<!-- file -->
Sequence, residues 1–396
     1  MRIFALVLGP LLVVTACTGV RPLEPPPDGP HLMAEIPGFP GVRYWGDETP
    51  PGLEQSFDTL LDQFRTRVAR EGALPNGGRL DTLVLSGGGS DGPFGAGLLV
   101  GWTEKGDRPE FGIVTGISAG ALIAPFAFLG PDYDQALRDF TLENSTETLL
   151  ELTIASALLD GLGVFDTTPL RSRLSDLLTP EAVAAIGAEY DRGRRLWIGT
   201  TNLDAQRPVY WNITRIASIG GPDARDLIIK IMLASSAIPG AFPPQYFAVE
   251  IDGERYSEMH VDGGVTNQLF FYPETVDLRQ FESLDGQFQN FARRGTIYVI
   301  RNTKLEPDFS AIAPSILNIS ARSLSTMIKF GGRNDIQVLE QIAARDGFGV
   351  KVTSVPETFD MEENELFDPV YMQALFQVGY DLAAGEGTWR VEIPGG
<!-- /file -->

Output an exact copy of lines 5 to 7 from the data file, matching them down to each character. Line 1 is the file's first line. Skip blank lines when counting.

   151  ELTIASALLD GLGVFDTTPL RSRLSDLLTP EAVAAIGAEY DRGRRLWIGT
   201  TNLDAQRPVY WNITRIASIG GPDARDLIIK IMLASSAIPG AFPPQYFAVE
   251  IDGERYSEMH VDGGVTNQLF FYPETVDLRQ FESLDGQFQN FARRGTIYVI